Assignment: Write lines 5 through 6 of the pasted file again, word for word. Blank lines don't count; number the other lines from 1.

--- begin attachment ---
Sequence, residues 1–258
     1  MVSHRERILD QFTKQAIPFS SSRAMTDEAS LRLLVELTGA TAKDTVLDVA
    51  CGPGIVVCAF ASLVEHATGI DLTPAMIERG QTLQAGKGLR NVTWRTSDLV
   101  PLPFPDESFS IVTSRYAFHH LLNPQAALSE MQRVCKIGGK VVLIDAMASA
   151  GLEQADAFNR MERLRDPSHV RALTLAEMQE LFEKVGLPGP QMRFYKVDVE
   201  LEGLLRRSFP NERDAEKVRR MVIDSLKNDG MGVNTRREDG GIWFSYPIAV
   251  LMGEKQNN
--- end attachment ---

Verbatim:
   151  GLEQADAFNR MERLRDPSHV RALTLAEMQE LFEKVGLPGP QMRFYKVDVE
   201  LEGLLRRSFP NERDAEKVRR MVIDSLKNDG MGVNTRREDG GIWFSYPIAV